Long-Term Outcomes: The ultimate goal of the cover crop for weed suppression project is a positive effect to the whole system of organic agriculture. Not only would potato growers in North Dakota and Minnesota be impacted by the research, but growers throughout pertinent potato growing regions in the United States and other countries as well. Systemic changes could be achievable with the success of this research. The organic potato industry would have greater success with higher yields using cover crops for weed control as well as increasing soil quality and sustainable production practices. In organic agriculture, pests and nutrient deficiencies of all sorts have the potential to decrease yields and create major production problems for growers. Cover crops are the link which could serve multiple purposes in organic agriculture. A great aspect of this potential research is its ability to add knowledge to an integrated cover crop system for growers that have been content with conventional production practices, paving the way for more sustainable practices and the future of organic agriculture.
The first field season of this research began September, 2009 and was completed October, 2010. The final year will conclude with potato harvest in 2011. Two sites were initiated the first year. The dry land site was at Fargo, ND and the irrigated site was at Oakes, ND. Data collection for the first year included cover crop dry biomass, soil available nitrogen, weed species identification, weed counts, weed weights, and potato yield. The study is being replicated in 2011 with both the dry land and irrigated sites at Carrington, ND. The results from 2010 were promising. The difficult task of growing potatoes in high residue, sometimes no-till field conditions presented a challenge. Soil type needs to be an important factor for future consideration of these methods for growers, as heavier soils tend to be less compatible with potato planting into high residue cover crop soils. Cover crops did not present any noticeable negatives compared with the no cover crop, high tillage treatment which served as the conventional check, a big positive result. Several cover crop treatments provided higher weed control percentages than the weedy check. The second year of research will solidify the results and allow for comprehensive insight into the accomplishments of this research.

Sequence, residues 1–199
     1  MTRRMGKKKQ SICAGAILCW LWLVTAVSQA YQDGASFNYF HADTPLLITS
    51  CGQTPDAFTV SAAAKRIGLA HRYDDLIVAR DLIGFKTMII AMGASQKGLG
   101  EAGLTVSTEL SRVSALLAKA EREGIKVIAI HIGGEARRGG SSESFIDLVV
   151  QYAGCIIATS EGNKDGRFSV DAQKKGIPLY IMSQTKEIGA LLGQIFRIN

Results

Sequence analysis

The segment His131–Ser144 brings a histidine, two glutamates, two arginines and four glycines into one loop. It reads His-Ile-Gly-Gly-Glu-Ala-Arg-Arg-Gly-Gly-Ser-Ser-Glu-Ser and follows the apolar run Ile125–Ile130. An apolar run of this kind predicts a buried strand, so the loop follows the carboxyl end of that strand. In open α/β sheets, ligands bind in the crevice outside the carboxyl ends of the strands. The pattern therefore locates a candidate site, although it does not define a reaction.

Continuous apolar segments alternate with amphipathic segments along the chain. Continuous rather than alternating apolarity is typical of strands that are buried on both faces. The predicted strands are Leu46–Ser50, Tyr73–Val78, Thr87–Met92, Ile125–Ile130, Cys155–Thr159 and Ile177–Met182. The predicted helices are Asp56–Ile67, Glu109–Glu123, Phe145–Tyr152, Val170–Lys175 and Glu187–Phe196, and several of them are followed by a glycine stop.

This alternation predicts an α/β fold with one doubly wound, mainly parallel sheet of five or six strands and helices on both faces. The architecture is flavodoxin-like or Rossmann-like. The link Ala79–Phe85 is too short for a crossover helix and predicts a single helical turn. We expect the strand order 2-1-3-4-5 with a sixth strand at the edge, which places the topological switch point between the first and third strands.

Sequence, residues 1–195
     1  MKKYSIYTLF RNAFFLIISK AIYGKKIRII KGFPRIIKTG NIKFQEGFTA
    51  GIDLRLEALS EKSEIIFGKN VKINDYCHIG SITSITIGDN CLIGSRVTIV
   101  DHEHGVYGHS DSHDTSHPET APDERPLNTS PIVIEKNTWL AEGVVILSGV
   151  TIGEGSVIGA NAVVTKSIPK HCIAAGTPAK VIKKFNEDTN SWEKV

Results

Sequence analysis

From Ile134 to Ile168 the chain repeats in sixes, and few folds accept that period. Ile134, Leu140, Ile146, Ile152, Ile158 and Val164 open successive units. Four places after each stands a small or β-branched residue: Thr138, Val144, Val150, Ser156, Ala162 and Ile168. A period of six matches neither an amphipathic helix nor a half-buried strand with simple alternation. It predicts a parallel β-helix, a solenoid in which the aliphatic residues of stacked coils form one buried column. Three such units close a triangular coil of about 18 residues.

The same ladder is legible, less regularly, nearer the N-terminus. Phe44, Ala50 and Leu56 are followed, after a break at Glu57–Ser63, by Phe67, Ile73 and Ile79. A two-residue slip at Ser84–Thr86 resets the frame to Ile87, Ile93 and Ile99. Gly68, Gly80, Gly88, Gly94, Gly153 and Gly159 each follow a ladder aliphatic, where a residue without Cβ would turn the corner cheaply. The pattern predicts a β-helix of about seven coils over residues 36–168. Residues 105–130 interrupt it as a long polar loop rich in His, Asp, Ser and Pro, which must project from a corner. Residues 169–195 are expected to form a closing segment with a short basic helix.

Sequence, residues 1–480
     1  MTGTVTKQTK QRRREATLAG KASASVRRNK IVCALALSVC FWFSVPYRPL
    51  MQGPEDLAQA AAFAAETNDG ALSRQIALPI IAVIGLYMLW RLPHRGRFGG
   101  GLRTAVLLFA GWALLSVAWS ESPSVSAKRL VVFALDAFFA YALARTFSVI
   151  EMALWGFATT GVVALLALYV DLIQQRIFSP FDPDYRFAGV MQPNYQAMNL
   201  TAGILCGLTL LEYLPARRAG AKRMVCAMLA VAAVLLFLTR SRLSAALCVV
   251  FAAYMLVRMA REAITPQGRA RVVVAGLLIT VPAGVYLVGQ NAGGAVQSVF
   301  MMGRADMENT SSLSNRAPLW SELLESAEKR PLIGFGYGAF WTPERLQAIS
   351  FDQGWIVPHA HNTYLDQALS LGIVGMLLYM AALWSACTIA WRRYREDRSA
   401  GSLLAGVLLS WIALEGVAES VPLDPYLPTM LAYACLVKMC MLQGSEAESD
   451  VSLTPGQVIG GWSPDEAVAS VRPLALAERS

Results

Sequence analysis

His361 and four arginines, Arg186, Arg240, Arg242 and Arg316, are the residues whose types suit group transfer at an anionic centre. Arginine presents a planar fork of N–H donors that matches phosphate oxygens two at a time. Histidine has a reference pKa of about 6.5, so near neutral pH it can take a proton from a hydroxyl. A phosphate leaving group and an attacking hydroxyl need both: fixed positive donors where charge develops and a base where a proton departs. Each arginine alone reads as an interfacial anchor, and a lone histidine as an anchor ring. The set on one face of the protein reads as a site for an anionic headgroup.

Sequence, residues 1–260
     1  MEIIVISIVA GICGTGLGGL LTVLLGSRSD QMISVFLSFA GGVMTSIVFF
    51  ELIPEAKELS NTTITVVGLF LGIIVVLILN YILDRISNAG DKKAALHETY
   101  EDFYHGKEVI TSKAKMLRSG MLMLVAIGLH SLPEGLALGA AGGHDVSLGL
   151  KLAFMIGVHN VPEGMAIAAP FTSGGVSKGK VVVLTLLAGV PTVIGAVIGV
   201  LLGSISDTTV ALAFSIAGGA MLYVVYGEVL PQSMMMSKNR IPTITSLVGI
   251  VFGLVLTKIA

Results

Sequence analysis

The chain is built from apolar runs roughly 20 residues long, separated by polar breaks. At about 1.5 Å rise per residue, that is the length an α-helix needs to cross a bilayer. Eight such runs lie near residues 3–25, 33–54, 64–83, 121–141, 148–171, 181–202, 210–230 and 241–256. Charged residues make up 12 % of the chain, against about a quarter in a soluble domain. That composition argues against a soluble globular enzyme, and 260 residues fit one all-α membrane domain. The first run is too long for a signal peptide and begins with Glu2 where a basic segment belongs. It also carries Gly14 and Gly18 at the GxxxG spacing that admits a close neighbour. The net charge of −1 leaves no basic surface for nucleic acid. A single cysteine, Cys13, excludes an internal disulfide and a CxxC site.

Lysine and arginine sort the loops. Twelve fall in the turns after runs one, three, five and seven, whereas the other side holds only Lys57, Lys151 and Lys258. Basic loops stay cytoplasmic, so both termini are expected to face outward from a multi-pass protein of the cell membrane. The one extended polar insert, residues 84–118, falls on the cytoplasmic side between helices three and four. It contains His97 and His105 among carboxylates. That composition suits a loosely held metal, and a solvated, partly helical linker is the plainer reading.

Impacts and Contributions/Outcomes
The first year’s research, summer 2010, was presented at the North Central Weed Science Society’s annual meeting in Lexington, Kentucky on December 14th, 2010. At that time the research was presented to a wide audience of weed specialists, where it was complimented and critiqued during the questions segment. The 2010 results were also published in the Oakes Irrigation Research Site’s Annual Reports for 2010. This report is an extension publication circulated widely to a major potato producing region of North Dakota. This region, south central North Dakota, has the potential to benefit from the research as organic production progresses there.
GSOrganization GSDept GSAddress1 GSAddress2 GSCity GSState GSZIP North Dakota State University Department of Plant Sciences
NDSU Dept. #7670 Box 6050
Fargo, ND 58108-6050
Office Phone: 7013717076